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Because Black Lives Matter
That's the lesson of this week that we must carry forward.
It’s hard to contextualize all the monumental things that have happened this week.
Over the past week, protests sparked by police violence following the murder of George Floyd were met with further police violence. (Early in the week, The Verge compiled several documented instances of police brutality. The accompanying images are disturbing.) Members of the press covering the events were arrested or injured. CNN reporter Omar Jimenez & his crew were arrested live, on TV. A 75 year-old man in Buffalo was pushed over by a police officer and suffered a brain injury, and two officers were charged with assault; 57 other officers resigned from the Emergency Response Team “in disgust” not at the act of police brutality but because of how the charged officers were “treated.”
America is aflame; the “American carnage” that Trump alluded to in his apocalyptic inaugural address has bubbled to the surface. Everywhere we look, we see and feel just how fragile our sense of “stability” is—and how comfortable we have always been here in America with allowing racial injustice to continue in order to maintain it.
And all this is happening amidst a once-in-a-century pandemic, with skyrocketing unemployment. We cannot ignore this; our media environment, fractured as it is, will not let us. In 1967, media theorist Marshall McLuhan wrote that “in an electric information environment, minority groups can no longer be contained—ignored. Too many people know too much about each other. Our new environment compels commitment and participation. We have become irrevocably involved with, and responsible for, each other [emphasis mine]. ”
The Culture Wars Have Become More Visibly Violent
Because this is a newsletter focused on white evangelicalism, let’s take a moment to contextualize its role in all this.
For the last several decades, the term “culture wars” has been used to describe the clash of ideas and ideals in America, between liberal and conservative visions for society. In evangelical circles, this was framed as God-fearing white evangelical Christianity vs. a secular, godless new world order.
In reality, the world that white evangelical leaders & Christian nationalists envisioned was one where they possessed the authoritarian rule to impose their particular vision on the American people. In the lead-up to this current moment, white evangelical leaders and institutions have inculcated beliefs, instituted spoken and unspoken norms, and established policies that have endangered, abused, and traumatized people who do not fit their model. Women, Black & BIPOC members in majority-white churches, trans & queer people - all people with marginalized identities have been oppressed in the name of a white Jesus.
White Jesus serves white supremacy.
The culture wars have always been violent. The costs and the casualties have been borne by the Black community, and it is in this moment that, coupled with the pandemic and its concomitant economic depression, they cannot be silent.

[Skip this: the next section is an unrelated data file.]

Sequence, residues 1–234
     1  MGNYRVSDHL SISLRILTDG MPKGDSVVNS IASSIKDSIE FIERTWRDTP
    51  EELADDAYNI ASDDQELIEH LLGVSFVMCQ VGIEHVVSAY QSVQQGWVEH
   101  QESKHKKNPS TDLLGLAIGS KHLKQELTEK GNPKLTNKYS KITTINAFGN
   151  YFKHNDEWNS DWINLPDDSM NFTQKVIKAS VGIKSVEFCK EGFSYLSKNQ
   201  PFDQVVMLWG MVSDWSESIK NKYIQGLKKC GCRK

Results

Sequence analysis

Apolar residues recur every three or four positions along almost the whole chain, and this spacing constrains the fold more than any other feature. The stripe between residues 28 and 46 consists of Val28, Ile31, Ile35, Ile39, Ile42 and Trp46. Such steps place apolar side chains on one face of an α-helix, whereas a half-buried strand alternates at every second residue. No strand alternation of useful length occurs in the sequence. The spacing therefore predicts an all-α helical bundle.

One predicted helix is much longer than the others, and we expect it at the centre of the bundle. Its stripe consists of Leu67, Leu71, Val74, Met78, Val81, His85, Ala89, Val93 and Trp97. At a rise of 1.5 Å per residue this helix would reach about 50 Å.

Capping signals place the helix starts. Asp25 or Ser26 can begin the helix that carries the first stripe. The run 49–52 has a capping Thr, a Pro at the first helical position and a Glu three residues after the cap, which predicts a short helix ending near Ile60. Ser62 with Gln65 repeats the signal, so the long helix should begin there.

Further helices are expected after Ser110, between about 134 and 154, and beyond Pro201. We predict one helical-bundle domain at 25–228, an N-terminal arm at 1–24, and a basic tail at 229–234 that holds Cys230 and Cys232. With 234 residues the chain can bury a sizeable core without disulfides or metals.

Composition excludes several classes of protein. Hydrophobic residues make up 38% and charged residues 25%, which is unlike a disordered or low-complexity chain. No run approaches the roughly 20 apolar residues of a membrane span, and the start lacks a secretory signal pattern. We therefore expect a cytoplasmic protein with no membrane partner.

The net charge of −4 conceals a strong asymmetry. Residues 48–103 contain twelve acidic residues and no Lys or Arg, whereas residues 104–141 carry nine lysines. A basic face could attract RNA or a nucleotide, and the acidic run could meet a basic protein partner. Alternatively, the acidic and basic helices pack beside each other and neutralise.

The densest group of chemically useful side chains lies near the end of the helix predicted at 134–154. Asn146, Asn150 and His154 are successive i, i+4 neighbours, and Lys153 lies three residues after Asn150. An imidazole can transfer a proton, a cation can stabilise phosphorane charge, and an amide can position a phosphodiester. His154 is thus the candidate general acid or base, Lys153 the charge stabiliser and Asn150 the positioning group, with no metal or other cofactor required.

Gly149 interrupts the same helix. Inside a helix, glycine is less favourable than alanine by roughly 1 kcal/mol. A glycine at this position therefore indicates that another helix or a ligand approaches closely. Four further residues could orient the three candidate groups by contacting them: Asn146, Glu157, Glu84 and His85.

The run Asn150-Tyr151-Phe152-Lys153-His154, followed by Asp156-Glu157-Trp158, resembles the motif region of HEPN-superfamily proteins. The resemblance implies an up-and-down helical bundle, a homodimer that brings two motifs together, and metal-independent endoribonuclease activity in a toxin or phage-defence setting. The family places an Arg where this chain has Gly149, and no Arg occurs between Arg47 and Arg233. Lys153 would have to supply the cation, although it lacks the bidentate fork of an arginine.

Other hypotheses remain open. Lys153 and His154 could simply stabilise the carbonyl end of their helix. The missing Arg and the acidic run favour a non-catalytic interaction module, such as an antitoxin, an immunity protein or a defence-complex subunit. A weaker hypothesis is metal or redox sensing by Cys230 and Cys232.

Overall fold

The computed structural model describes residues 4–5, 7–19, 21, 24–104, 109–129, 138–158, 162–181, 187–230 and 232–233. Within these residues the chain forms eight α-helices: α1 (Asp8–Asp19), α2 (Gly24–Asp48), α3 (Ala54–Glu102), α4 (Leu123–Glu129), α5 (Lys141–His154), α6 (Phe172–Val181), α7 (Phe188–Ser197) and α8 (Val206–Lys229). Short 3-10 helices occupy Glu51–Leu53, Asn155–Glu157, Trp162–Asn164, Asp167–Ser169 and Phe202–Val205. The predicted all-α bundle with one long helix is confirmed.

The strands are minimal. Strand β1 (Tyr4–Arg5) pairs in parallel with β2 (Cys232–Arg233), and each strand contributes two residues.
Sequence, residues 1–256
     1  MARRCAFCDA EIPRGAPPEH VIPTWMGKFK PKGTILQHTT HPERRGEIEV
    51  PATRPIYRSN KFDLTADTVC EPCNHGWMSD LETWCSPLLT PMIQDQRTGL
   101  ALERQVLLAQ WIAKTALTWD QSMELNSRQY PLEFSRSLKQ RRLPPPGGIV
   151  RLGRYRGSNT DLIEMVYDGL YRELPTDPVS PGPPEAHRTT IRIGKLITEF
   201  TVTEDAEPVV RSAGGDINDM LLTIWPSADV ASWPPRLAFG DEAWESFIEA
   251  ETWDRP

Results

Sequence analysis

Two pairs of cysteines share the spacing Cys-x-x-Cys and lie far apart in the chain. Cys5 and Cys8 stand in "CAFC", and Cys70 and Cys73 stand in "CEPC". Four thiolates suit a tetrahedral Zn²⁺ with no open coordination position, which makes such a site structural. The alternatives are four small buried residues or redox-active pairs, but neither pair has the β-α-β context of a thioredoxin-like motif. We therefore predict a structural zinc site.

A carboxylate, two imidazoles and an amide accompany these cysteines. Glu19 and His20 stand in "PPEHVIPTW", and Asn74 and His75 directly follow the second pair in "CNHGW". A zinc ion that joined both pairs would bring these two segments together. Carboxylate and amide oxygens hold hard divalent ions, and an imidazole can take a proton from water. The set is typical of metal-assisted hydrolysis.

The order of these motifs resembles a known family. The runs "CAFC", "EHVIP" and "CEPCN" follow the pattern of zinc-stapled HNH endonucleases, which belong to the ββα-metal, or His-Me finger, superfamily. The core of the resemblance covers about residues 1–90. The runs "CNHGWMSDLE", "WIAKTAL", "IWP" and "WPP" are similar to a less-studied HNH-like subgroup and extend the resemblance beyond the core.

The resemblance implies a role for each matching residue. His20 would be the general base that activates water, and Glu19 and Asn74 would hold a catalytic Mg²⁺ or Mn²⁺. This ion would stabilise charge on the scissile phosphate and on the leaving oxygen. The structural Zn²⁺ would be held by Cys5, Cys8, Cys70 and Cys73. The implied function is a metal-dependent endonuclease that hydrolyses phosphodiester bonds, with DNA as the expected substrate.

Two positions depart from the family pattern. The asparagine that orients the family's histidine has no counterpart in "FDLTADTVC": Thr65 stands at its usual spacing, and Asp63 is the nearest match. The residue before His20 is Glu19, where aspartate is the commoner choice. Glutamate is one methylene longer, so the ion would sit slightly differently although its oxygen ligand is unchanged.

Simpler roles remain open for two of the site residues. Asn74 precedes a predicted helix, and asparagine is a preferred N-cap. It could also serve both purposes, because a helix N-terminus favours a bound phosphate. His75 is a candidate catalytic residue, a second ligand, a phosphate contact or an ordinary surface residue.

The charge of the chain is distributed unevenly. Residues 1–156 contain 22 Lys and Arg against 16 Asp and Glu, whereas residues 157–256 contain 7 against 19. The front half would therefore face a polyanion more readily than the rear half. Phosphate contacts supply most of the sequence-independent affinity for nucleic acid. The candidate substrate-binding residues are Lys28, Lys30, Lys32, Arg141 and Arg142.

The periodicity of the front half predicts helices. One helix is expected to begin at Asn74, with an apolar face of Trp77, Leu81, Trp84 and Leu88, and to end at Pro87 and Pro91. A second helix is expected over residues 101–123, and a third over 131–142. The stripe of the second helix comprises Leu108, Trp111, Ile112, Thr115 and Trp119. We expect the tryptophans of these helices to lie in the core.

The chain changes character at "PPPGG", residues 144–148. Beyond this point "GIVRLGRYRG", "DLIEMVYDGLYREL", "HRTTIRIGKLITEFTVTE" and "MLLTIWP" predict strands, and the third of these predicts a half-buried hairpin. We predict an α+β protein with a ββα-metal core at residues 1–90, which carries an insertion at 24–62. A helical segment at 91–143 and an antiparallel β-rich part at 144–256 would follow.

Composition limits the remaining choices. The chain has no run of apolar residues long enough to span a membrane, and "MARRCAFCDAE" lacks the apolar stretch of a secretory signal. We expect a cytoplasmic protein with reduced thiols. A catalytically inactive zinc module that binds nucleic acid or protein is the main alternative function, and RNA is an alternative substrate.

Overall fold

Because Black Lives Matter.
We Are Divided & We Have No Leaders
Even on our best day, America is deeply divided. Politics strains families; conservative parents don’t make efforts to understand their (grown) liberal children, and the children don’t bother. Right-wing media bias demonizes and dehumanizes their political opponents, feeds white anxiety, and foments violence.
We also have no leaders. Trump cowers in a bunker as his nation revolts even while racked with a pandemic. The lights of the White House are off, but real leadership hasn’t been there since January 19, 2017.
The past several years have been an indictment of Republican leadership and establishment, as Trump has re-fashioned the party in his callow, power-hungry image. He did not invent these tactics, but he has perfected them.
On Monday, Attorney General Bill Barr ordered for President Trump’s walking path from the White House to the nearby St. John’s Episcopalian Church to be cleared; the Attorney General ordered peaceful protesters to be tear-gassed. The president’s path was cleared so he could take a photo in front of a boarded-up church and awkwardly hold a Bible.
It was a shallow, callous, and calculated piece of political propaganda. Many people saw through it; religious scholar and author Diana Butler Bass wrote an op-ed decrying its offensiveness. The Right Rev. Mariann Budde, the Episcopal bishop of Washington who oversees St. John’s, did not mince words. She is quoted in The Washington Post:
“I am the bishop of the Episcopal Diocese of Washington and was not given even a courtesy call, that they would be clearing [the area] with tear gas so they could use one of our churches as a prop,” Budde said.
She excoriated the president for standing in front of the church — its windows boarded up with plywood — holding up a Bible, which Budde said “declares that God is love.”
“Everything he has said and done is to inflame violence,” Budde of the president. “We need moral leadership, and he’s done everything to divide us.”
Yet the tactic worked amongst Trump’s court evangelicals, who rallied to his cause and defense, as Chrissy Stroop has noted in Religion Dispatches. Franklin Graham, who never misses an opportunity to praise the president, had this to say: